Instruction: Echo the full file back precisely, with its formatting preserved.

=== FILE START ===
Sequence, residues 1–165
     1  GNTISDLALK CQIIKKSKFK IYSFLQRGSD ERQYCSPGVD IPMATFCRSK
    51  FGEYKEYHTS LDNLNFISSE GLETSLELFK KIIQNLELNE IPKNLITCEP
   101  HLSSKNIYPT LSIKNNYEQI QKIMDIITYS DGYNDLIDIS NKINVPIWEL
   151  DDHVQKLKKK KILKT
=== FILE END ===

Sequence, residues 1–165
     1  GNTISDLALK CQIIKKSKFK IYSFLQRGSD ERQYCSPGVD IPMATFCRSK
    51  FGEYKEYHTS LDNLNFISSE GLETSLELFK KIIQNLELNE IPKNLITCEP
   101  HLSSKNIYPT LSIKNNYEQI QKIMDIITYS DGYNDLIDIS NKINVPIWEL
   151  DDHVQKLKKK KILKT